And he had to live with that dark secret of giving their daughter away for the rest of his life, tearing apart his family, affecting his wife and the growth of their normal son.

It was no doubt a heart-wrenching story but I was gripped to it even from the very first chapter.
It may be because the main character was a doctor, that made me felt somewhat attached to him.
Or maybe the character of Dr David Henry resembled so much of someone I know, but yet at the same time was different from him in a lot other ways.

I often found myself absorbed in the stories I read. It's fascinating to know that there are lots of stories out there, and even though all these novels I read were written by someone, an author who made themselves money while writing, it certainly is not impossible to have someone who really have that  kind of life.
There are hundreds, thousands, millions of people out there.
We would never know if there is a Dr David Henry living out there, or Kezia St Martin from Passion's Promise by Danielle Steel or even Emma Corrigan from Can You Keep A Secret? by Sophie Kinsella.

And it was often hard for me to not bring the story into real life.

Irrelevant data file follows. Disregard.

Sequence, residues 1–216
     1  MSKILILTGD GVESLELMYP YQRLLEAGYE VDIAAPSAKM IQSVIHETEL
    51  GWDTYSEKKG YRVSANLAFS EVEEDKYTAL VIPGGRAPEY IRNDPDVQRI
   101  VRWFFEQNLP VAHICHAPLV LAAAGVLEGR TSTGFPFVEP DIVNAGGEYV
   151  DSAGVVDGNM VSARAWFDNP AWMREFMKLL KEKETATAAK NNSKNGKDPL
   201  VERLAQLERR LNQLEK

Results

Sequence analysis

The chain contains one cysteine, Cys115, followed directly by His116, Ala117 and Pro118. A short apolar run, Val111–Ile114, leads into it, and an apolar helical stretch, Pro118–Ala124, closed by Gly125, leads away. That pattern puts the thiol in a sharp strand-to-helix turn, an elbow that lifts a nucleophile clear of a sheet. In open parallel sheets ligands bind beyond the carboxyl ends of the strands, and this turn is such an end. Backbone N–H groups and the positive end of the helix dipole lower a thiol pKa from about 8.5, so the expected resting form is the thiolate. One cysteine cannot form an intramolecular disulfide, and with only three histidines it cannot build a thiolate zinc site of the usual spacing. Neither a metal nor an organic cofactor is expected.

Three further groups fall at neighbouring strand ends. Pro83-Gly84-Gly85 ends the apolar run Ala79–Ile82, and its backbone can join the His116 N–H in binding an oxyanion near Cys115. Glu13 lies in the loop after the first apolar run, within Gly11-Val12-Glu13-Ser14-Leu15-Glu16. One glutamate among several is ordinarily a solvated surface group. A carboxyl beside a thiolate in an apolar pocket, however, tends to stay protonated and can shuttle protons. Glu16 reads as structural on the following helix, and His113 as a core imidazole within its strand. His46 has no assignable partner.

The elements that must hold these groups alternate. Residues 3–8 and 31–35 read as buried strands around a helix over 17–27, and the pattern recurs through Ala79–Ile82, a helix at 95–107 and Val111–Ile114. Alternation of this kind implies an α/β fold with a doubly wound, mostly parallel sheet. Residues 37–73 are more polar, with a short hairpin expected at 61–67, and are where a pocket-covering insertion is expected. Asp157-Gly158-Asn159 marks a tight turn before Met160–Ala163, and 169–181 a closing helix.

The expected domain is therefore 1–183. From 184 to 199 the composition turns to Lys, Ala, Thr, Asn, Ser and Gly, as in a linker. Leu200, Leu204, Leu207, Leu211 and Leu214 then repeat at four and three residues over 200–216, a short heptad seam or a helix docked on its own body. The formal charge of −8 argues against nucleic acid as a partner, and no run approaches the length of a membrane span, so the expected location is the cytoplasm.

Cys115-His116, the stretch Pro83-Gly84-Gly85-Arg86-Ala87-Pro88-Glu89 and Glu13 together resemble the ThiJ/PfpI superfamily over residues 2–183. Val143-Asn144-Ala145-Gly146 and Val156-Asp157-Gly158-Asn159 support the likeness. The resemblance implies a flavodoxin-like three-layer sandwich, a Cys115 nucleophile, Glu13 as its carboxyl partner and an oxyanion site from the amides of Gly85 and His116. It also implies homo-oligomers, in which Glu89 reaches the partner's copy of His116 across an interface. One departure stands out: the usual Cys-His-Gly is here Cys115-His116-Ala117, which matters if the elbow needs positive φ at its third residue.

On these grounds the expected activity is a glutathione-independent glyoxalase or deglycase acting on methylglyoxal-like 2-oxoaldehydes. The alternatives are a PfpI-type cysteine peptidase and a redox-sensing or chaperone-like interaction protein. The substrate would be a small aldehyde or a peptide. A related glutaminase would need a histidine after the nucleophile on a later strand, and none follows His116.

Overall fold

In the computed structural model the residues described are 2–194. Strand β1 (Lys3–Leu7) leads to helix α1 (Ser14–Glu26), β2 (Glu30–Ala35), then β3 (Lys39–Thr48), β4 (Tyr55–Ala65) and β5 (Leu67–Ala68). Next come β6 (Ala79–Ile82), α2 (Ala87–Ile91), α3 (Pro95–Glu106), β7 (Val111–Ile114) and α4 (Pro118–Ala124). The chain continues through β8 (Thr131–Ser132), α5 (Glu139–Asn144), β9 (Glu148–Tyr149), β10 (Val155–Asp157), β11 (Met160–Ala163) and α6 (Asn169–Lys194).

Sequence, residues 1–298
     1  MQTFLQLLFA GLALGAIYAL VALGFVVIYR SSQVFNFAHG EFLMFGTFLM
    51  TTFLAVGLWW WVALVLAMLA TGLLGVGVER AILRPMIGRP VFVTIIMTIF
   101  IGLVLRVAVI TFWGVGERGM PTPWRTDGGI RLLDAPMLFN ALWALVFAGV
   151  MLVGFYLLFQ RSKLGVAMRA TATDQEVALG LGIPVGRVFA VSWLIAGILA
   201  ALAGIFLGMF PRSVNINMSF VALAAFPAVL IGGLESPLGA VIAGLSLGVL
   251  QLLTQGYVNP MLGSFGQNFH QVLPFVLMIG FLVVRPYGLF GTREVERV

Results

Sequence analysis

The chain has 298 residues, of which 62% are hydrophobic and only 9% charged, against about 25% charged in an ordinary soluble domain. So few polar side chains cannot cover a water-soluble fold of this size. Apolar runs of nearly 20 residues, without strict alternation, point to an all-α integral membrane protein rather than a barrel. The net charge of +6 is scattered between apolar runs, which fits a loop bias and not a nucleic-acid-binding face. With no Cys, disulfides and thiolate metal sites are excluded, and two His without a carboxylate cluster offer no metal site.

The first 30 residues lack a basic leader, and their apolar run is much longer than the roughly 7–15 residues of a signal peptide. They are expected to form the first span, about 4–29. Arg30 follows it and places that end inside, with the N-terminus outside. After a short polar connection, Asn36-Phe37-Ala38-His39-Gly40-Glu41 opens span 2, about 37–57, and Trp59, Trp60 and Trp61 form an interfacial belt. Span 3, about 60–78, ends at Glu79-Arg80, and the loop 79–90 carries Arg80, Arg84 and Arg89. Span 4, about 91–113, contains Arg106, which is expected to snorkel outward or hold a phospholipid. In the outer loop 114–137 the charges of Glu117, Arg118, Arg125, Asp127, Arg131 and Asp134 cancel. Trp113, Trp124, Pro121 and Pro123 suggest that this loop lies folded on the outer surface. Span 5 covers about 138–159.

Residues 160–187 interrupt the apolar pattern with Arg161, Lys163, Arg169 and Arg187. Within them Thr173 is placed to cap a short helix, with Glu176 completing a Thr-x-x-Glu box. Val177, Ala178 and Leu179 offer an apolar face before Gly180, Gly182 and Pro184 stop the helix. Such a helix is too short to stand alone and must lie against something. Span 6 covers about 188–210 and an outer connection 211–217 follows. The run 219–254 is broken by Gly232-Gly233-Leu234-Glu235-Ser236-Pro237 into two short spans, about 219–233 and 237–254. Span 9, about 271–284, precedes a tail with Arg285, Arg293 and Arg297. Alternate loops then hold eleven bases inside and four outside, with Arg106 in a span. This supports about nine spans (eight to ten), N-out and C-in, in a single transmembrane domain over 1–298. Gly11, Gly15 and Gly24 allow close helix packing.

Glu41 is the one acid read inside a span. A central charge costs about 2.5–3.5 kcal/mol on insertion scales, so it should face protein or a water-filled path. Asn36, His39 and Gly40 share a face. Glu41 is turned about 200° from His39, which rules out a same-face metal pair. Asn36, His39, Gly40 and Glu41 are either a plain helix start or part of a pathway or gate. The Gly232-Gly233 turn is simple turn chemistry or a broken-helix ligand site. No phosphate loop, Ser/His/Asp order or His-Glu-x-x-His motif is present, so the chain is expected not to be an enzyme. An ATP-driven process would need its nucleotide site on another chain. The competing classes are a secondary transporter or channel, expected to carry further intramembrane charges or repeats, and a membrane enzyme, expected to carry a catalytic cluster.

Sometimes, I even grieved for the death of one of the characters, the grief of the people in the story, or regretting the mistakes the character in the story did, for days or even a considerably longer period after finishing the story.
And I know this does not happen only to me, but to every passionate readers, and even actors and actresses of emotional movies, as proved in one of question asked in an interview with Kim Edwards, the author of The Memory Keeper's Daughter.

Q: The Memory Keeper's Daughter, while ultimately redemptive and hopeful, reveals much of the dark side of the human experience. Actors often talk about how working on a very painful role can affect their psyche; others speak of being simply able to let it go and not have the work affect their daily lives. As a writer, how does working on such a heart-wrenching story affect your own state of mind? When you stop writing, are you able to let it go?
See, even writers might find it hard to let the story go after writing it.
And that explained why I kept thinking of what Dr David Henry did wrong, and what was the consequences of him giving his daughter away; it made him live in guilt. He can't face his wife and his son, and his secret created his wife's.